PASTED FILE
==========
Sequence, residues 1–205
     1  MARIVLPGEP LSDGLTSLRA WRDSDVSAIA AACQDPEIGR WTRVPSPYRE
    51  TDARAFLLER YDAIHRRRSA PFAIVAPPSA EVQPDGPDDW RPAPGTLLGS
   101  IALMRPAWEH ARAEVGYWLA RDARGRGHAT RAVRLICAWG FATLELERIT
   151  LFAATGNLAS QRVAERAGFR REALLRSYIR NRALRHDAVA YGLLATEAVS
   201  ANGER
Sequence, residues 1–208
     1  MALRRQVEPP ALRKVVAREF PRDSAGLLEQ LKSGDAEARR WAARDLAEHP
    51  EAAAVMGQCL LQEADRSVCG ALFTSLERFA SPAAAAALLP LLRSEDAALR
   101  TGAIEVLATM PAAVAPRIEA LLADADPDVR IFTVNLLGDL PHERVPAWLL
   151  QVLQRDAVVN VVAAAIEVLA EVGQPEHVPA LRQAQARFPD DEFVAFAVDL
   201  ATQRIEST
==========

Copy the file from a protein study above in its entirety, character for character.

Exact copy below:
Sequence, residues 1–205
     1  MARIVLPGEP LSDGLTSLRA WRDSDVSAIA AACQDPEIGR WTRVPSPYRE
    51  TDARAFLLER YDAIHRRRSA PFAIVAPPSA EVQPDGPDDW RPAPGTLLGS
   101  IALMRPAWEH ARAEVGYWLA RDARGRGHAT RAVRLICAWG FATLELERIT
   151  LFAATGNLAS QRVAERAGFR REALLRSYIR NRALRHDAVA YGLLATEAVS
   201  ANGER
Sequence, residues 1–208
     1  MALRRQVEPP ALRKVVAREF PRDSAGLLEQ LKSGDAEARR WAARDLAEHP
    51  EAAAVMGQCL LQEADRSVCG ALFTSLERFA SPAAAAALLP LLRSEDAALR
   101  TGAIEVLATM PAAVAPRIEA LLADADPDVR IFTVNLLGDL PHERVPAWLL
   151  QVLQRDAVVN VVAAAIEVLA EVGQPEHVPA LRQAQARFPD DEFVAFAVDL
   201  ATQRIEST